I’ve had one job interview in my life. It was to become a summer intern at National Geographic in 1967. I had just finished editing the two-volume ’67 Kentuckian and had sent the Geographic a box of black and white prints taken at UK. I also separately sent a box of original color transparencies (slides) made in the summer of 1965 on a UK/YMCA trip to Bogota, Colombia. This was the important part of my portfolio because the Geographic was all color photography. But the color originals never arrived. I’d used water soluble ink to address the box and the ink smeared and became unintelligible. The box never arrived. All I had on the table during my interview with the legendary Director of Photography Robert Gilka were the black and white prints from UK. I thought I was doomed. But I got the internship and it changed my life. Years later I asked Gilka if he’d hired me as an intern out of pity because my slides had been lost. “Hell no,” he said. “We had no time for pity at National Geographic.” “Why did you do it then?” He looked at me and bit off one word. “Potential.”
Since that 1967 internship I’ve lived the National Geographic life. By that I mean I traveled on assignment for 33 years, ending in 2001. It was the right life for me. Assignments were long and involving, always lasting months and sometimes, it felt, years. Once I was in the field 14 straight months. I met my wife on assignment. She was hiking the length of the Pacific Crest Trail (PCT) in one summer. That’s 2,600 miles from Mexico to Canada through the mighty mountains of the far west — the Sierras, Cascades and North Cascades. I was doing a book on the trail. At first I simply admired her, but that turned into affection and then love. After the first 500 miles the PCT isn’t a test of strength. It is a test of character. She finished the trail that summer of 1974 and we were married in 1977. From then on we traveled on assignment, both of us together living the photographic life. Since 1978 we’ve lived in a central Virginia farmhouse once owned by a mill keeper. The house is in a setting that provides a haven from the rigors of travel.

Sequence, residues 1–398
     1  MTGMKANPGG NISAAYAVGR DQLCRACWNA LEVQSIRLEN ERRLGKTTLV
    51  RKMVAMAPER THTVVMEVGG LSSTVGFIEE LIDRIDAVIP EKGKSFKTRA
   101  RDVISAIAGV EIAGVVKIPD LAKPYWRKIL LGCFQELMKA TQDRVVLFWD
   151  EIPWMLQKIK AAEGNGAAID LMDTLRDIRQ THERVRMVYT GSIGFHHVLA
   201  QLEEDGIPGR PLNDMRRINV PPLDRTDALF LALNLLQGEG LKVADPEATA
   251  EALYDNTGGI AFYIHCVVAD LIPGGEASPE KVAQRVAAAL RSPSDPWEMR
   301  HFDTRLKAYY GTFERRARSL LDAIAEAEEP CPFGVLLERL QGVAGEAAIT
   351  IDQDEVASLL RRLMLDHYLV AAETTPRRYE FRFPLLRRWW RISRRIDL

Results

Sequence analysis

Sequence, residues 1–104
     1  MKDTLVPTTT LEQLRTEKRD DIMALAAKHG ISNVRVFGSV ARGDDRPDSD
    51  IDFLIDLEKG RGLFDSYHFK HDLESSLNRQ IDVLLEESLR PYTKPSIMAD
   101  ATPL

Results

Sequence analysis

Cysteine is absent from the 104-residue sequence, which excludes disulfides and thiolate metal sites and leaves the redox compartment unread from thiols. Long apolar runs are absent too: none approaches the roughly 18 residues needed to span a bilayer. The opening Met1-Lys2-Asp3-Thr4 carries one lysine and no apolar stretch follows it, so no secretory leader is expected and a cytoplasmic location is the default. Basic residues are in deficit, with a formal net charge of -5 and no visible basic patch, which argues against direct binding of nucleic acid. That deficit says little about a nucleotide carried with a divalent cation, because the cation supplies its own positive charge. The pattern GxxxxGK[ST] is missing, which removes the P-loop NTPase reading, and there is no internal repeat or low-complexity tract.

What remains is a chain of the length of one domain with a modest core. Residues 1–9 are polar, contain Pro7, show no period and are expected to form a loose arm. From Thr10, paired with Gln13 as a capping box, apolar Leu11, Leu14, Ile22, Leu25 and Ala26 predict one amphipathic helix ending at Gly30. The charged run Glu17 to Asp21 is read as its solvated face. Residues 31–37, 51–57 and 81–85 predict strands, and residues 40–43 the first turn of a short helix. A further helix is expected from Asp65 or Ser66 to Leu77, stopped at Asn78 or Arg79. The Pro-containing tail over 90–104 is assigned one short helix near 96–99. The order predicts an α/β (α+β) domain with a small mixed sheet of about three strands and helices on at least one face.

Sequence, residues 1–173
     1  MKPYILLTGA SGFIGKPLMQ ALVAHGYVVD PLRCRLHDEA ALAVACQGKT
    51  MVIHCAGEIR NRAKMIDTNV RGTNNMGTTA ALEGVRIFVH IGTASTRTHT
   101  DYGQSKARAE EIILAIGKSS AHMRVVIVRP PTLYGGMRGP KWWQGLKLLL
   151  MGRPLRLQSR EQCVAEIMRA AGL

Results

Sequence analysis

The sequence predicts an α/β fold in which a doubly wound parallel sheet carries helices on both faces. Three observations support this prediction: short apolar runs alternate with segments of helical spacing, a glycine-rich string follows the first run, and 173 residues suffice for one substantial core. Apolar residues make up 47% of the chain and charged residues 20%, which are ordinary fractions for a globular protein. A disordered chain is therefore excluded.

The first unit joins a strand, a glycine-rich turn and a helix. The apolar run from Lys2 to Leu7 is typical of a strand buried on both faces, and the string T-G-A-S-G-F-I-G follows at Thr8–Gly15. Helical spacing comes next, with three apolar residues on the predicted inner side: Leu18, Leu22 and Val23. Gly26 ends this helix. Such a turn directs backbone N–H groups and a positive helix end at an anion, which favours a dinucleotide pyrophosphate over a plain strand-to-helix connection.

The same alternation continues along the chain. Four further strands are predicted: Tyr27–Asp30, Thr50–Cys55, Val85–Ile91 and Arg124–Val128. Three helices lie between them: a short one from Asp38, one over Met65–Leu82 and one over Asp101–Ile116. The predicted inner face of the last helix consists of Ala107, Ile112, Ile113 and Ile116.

Q: What was your favorite assignment?
A: I had a number of favorite assignments (besides the Pacific Crest Trail). I did the photographs for a book called “Still Waters White Waters,” about canoeing in America (that was the 14-month epic). I did photographic biographies on Leo Tolstoy, Lewis Carroll, Charles M. Russell, Winslow Homer and James Madison. And books on the Appalachian Trail, the Civil War, the Mississippi River, and Lewis and Clark. The last two were with the well-known historian Stephen Ambrose. We became friends, which was one of the significant benefits of living this life and being in the field with writers.
I have favorite places and assignments. The island of Newfoundland, subject of my first assignment, is a place I think of fondly. For sheer majestic geography and sublime scale, nothing beats Alaska and the Yukon. For culture, Japan. And for all-around affection, Australia. It was foreign but familiar, great fun and good photography — all the things you could wish for on assignment. I did two Geographic cover stories as well as two books on Australia. It’s the place, and the people, I think of most often.
Q: Have you ever found yourself in danger on a National Geographic assignment?